Looking to St. Louis County as a whole, all the increased attention on local government that came with the Ferguson crisis had little impact on the turnout dial. As in much of the nation, elections for county office take place a time of year that catches most people by surprise. With municipalities across the county voting, take a look at turnout trends over the past dozen years of April elections, as reported by the St. Louis County’s elections office.
- 2015 turnout of registered voters: 16.14%
- 2014 turnout of registered voters: 12.37%
- 2013 turnout of registered voters: 15.66%
- 2012 turnout of registered voters: 13.91%
- 2011 turnout of registered voters: 17.01%
- 2010 turnout of registered voters: 22.23% [countywide measure on sales tax wins]
- 2009 turnout of registered voters: 12.10%
- 2008 turnout of registered voters: 11.57%
- 2007 turnout of registered voters: 11.64%
- 2006 turnout of registered voters: 15.76%
- 2005 turnout of registered voters: 16.14%
- 2004 turnout of registered voters: 19.90% [countywide measure on sales tax loses]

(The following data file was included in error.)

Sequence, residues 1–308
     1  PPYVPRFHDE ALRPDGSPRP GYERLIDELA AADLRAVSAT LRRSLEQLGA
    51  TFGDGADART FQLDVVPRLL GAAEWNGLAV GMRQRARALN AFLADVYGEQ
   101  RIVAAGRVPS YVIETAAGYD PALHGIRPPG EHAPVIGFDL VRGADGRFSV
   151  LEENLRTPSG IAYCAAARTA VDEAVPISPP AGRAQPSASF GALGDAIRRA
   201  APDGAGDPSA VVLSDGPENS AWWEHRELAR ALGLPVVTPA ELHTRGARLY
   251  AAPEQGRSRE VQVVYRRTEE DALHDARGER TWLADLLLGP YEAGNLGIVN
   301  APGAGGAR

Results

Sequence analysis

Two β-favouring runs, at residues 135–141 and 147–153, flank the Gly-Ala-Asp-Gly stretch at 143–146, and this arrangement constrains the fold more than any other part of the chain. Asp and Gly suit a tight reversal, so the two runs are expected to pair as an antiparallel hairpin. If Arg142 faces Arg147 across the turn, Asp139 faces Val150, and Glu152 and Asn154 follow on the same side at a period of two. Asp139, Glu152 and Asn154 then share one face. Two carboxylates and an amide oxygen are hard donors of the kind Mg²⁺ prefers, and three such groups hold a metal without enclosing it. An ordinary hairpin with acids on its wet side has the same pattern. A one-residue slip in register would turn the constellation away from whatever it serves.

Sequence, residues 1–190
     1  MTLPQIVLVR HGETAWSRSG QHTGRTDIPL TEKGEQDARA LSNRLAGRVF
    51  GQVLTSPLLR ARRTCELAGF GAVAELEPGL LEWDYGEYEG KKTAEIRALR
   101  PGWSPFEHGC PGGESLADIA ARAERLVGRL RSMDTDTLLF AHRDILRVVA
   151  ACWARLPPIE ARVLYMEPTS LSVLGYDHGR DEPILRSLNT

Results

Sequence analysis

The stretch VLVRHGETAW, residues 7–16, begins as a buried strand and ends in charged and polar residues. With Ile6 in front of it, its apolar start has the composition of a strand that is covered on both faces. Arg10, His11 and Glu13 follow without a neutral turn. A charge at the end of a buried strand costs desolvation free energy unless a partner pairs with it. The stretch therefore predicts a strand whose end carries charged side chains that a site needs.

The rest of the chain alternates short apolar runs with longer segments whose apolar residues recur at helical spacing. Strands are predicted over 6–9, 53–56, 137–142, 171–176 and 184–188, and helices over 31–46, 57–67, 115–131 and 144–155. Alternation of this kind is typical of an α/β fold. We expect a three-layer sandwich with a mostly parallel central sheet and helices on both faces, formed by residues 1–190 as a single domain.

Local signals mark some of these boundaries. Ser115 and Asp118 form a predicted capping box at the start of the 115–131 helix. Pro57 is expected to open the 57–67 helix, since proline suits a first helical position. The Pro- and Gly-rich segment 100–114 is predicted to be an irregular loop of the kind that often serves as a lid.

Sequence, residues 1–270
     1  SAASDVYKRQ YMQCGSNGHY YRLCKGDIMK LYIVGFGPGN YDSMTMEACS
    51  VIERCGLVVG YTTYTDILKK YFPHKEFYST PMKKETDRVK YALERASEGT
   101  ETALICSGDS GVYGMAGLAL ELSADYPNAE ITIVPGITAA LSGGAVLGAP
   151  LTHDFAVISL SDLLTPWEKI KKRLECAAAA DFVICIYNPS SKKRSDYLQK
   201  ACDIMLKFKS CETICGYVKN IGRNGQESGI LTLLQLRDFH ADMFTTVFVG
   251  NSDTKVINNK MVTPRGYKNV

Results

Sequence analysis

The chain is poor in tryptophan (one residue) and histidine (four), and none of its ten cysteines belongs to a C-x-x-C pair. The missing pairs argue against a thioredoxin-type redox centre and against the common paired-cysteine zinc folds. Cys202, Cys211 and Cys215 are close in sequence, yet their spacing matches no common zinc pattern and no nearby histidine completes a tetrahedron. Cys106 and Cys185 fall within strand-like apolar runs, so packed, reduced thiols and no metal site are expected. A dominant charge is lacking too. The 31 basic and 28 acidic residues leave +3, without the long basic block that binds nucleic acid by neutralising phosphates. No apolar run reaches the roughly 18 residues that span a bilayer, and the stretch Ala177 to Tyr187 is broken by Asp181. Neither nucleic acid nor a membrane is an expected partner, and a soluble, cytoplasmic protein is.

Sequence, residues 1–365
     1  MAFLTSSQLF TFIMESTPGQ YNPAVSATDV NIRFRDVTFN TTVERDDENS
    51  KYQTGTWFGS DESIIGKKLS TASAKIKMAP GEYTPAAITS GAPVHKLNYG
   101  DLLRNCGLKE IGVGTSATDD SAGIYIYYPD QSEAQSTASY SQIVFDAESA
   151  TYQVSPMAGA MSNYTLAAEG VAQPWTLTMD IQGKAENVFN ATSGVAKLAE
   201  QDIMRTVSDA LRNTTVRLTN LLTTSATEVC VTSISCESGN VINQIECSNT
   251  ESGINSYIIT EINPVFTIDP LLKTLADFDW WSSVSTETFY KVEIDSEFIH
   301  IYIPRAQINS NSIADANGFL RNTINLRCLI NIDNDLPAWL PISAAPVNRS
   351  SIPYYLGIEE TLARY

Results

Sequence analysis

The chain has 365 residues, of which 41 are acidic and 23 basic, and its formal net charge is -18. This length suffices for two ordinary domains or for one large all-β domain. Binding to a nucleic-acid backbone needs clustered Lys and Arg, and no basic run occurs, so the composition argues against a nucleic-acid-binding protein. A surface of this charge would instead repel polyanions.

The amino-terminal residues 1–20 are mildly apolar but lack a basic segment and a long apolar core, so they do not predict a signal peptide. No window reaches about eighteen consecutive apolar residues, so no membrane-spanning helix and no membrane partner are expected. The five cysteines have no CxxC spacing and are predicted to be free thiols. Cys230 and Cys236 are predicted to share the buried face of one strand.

- 2003 turnout of registered voters: N/A
- 2002 turnout of registered voters: 15.60%
- Average turnout, 2002-2015: 15.44%
The pattern is obvious: turnout consistently is low, averaging barely one in seven registered voters. From our innovative analysis of the demographics of Ferguson turnout over time, it’s clear that those not participating are heavily younger and low-income – meaning local government simply doesn’t connect with them.
Turnout in other major city and state elections this week varied, but the overall trends are down over time. Consider a few examples
- Chicago, Illinois: Rahm Emmanuel was re-elected as mayor of Chicago, and voter turnout rose from the first round of his election in February. But turnout was still less than 40 percent of registered voters, with 574,192 voters despite more than 25 million spent in the election. That represents a decline from turnout in Emanuel's first election in 2011 and is less than half of turnout in 1983, when Harold Washington won the first of his two mayoral elections in which more than 1.3 million voted, and in his 1987 re-election in which more than 1.1 million voted.